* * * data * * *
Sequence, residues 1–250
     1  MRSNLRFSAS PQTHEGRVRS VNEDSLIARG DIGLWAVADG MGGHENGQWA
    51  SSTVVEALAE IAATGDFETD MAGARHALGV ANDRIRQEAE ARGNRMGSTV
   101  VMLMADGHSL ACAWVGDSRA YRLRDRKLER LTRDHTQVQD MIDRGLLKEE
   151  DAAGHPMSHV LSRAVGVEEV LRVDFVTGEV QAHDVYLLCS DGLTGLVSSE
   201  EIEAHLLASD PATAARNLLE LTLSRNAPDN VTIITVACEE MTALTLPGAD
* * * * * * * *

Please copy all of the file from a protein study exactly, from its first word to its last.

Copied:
Sequence, residues 1–250
     1  MRSNLRFSAS PQTHEGRVRS VNEDSLIARG DIGLWAVADG MGGHENGQWA
    51  SSTVVEALAE IAATGDFETD MAGARHALGV ANDRIRQEAE ARGNRMGSTV
   101  VMLMADGHSL ACAWVGDSRA YRLRDRKLER LTRDHTQVQD MIDRGLLKEE
   151  DAAGHPMSHV LSRAVGVEEV LRVDFVTGEV QAHDVYLLCS DGLTGLVSSE
   201  EIEAHLLASD PATAARNLLE LTLSRNAPDN VTIITVACEE MTALTLPGAD